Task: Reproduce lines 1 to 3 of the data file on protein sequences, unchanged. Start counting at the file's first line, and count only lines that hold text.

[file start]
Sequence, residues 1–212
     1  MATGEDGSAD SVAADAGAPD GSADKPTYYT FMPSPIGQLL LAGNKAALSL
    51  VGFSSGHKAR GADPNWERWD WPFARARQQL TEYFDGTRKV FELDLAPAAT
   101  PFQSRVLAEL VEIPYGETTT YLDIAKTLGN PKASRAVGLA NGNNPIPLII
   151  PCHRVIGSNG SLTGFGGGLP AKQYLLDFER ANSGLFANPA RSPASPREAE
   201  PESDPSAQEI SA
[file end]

Sequence, residues 1–212
     1  MATGEDGSAD SVAADAGAPD GSADKPTYYT FMPSPIGQLL LAGNKAALSL
    51  VGFSSGHKAR GADPNWERWD WPFARARQQL TEYFDGTRKV FELDLAPAAT